In mid-March the FBI confronted Cuevas and brought him in for questioning and an exhaustive multi-hour lie detector test. Cuevas said he had a confrontation with FBI agent Jeff Waterman and was repeatedly asked to provide information about Waterbury Mayor Neil O’Leary, Governor Dannell Malloy and Speaker of the House Brandon Sharkey. Cuevas said he had nothing to tell the federal agents other than openly admitting he had borrowed $7000 from Gerry Reyes and repaid him.

By many accounts Victor Cuevas was a dynamic legislator in Hartford for four years. His top trait? Fearlessness. He once knocked on Governor Malloy’s door to discuss issues.

   With the FBI tailing his movements and poring over years of banking statements, Cuevas said he decided to resign from the state legislature to hopefully remove the bulls-eye from his back. A special election was scheduled for April 27th to replace Cuevas in the legislature, and the strongest candidate in the South End was none other than Reyes, who was still unsure if the FBI planned on charging him with a crime for loaning Cuevas the $7000.

   After days of soul searching Reyes chose to move into the spotlight and take his chances. Polling suggested even if the Feds arrested him, he would handily win the special election. He has never been charged and won 80% of the vote on April 27th to become the 75th District State Representative. Reyes was sworn in two days later and the first vote he cast was to prohibit the trade of rhino horns in Connecticut.

Despite the pain both men suffered during the loan scandal, Victor Cuevas and Gerry Reyes remained best of friends. Cuevas worked hard to help Reyes win the special election on April 27th and stayed in the background serving pizza and soda to volunteers as the returns came in. After it was clear that Reyes had won, and almost everyone had left Reyes headquarters, the two men shared a lighthearted moment.

   Five weeks later Victor Cuevas decided to sign a plea deal that ended the pressure and uncertainty surrounding the $7000 loan. By pleading guilty in Federal Court yesterday, Cuevas faces the possibility of five years in prison and a $250,000 fine. Cuevas will be sentenced on September 21st and Judge Myer encouraged Cuevas to bring supporters to court who could testify about any positive impact he has had on the community during his 23 years as director of the River Baldwin Recreation Center, and his four years as state representative. Two legal experts said they do not believe Cuevas will get prison time for his crime.

   Additionally, during court proceedings yesterday Judge Myer asked Assistant U.S. Attorney Sarah Karwin about possible restitution that Cuevas might be asked to repay. Karwin said, “there had been no discernible loss.”

   And while that might be financially true, the loss to both Cuevas and Reyes has been steep. Both men lost their jobs, and both men have been targeted by social media trolls and vicious rumor and innuendo. But through it all the two men remain best friends. The only time in yesterday’s 90-minute hearing that Victor Cuevas lost his cool was when a federal prosecutor requested the judge order that there be “no contact” between Cuevas and Reyes until the sentencing on September 21st. Cuevas balked at that restriction and Judge Meyer agreed that a no contact order was excessive. The only restriction the judge placed on contact between the two men was not to talk about the case.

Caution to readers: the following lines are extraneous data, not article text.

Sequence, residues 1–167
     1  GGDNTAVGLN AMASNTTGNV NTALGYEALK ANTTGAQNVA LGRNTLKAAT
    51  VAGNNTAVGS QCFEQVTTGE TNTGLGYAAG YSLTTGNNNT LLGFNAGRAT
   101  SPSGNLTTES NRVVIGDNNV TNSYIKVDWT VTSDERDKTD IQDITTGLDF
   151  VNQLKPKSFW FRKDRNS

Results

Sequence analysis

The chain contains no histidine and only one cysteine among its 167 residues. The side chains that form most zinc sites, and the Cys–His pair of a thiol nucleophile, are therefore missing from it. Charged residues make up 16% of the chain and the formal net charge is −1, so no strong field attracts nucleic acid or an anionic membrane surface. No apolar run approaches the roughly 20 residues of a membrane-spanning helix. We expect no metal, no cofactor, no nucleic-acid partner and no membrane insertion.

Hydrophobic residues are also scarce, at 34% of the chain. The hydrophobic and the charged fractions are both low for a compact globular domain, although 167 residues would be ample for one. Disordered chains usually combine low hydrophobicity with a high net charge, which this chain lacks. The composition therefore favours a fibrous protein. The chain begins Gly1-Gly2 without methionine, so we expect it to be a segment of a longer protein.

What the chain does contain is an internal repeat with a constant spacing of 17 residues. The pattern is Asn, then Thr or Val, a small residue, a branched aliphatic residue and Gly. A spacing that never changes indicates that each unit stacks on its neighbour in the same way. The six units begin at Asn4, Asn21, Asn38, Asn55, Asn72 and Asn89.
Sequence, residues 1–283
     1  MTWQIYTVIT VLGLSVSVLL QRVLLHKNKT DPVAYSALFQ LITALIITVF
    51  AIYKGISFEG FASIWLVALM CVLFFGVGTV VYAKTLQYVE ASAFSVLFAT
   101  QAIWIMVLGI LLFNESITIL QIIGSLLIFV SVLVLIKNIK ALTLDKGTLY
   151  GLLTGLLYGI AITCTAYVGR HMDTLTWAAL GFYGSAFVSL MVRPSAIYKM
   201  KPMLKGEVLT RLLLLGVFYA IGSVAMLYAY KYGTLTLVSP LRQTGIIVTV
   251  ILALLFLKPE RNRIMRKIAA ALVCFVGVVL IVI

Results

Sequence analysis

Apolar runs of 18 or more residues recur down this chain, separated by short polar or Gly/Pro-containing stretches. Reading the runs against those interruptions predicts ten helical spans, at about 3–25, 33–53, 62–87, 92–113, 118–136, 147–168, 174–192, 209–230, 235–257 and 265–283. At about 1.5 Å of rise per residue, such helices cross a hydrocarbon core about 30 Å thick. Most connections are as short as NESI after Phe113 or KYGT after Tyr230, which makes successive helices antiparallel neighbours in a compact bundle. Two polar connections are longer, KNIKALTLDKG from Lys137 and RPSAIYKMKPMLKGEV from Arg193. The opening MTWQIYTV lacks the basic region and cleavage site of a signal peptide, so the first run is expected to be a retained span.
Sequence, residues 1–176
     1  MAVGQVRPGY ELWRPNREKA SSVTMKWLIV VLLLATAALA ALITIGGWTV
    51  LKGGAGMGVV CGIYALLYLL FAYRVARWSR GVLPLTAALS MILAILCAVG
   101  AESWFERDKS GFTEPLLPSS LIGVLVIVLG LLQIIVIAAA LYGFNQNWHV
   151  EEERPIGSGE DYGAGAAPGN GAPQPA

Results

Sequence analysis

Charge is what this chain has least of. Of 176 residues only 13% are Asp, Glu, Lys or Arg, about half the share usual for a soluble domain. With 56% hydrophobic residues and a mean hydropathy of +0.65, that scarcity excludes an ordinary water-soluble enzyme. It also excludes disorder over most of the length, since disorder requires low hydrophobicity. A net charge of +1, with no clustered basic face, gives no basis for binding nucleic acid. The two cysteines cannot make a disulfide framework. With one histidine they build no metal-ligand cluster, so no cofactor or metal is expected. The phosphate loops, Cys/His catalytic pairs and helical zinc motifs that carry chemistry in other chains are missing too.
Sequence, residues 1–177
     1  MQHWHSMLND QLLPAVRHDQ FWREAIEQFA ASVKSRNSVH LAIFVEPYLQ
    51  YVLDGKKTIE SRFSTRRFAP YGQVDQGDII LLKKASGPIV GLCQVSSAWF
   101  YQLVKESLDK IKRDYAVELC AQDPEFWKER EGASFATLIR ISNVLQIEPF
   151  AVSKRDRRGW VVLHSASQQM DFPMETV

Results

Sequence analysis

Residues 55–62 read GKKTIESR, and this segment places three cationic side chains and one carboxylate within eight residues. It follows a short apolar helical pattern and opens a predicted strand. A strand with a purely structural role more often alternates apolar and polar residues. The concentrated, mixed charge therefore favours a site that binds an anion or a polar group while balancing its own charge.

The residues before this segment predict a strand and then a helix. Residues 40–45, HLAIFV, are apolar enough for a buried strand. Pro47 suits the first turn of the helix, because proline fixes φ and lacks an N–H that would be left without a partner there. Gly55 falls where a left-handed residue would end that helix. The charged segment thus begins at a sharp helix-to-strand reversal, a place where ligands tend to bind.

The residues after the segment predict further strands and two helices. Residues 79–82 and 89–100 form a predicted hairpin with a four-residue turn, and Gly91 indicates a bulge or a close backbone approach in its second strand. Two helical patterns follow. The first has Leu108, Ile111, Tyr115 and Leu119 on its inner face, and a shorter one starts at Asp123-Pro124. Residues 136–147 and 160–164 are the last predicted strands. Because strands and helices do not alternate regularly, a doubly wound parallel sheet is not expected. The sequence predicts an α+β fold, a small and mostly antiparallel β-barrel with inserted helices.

An hour after pleading guilty yesterday in New Haven, Cuevas was placed on administrative leave from his job with the City of Waterbury at the River-Baldwin Recreation Center. Waterbury Mayor Neil O’Leary issued a statement that said, “I am saddened by the events of today. Victor was a very bright legislator, continues to be a respected member of the community, and an excellent supervisor at the South End Rec Center. As has been past practice in a felony arrest Victor has been placed on Administrative Leave pending a HR inquiry. We will be awaiting recommendations from that inquiry regarding his employment status in the future.”

   Cuevas and Reyes continue to struggle with the magnitude of the controversy that swirls around a loan that was given from Reyes’s hard work, and repaid by Cuevas’s hard work. Statewide media have repeated the federal charge of “conspiracy”, and have called individuals co-conspirator #1 and co-conspirator #2, but Reyes and Cuevas both state there was no conspiracy. Cuevas said he asked Reyes for a loan, got one, and paid Reyes back. “If we were conspiring why would I have paid him back with a check,” Cuevas said.

   And in open court Cuevas asked, “Who did we hurt?” After hearing that Judge Meyer asked if Cuevas had “known that what he did was wrong?”

   Cuevas replied, “Yes sir.”

   During another exchange Judge Meyer further probed Cuevas’s understanding of responsibility and guilt regarding his misrepresentation of Reyes as his cousin.

   “In our culture we’re family,” Cuevas said. “In the letter of the law it’s wrong. In the letter of our culture, we are family.”

Before taking returns in a primary showdown in August 2012, Cuevas and Reyes hugged, and expressed love for one another. Then they went into headquarters and trounced the incumbent, David Aldarondo.

   Seven hours later the two men were sharing a coffee on the back porch of the Reyes house on Madison Street in the South End of Waterbury. As Cuevas got up to leave he exchanged a complicated and affectionate handshake with Reyes, bear hugged him, and told Reyes he loved him.

   “This is all crazy Bro,” he said, and with a wave he was gone.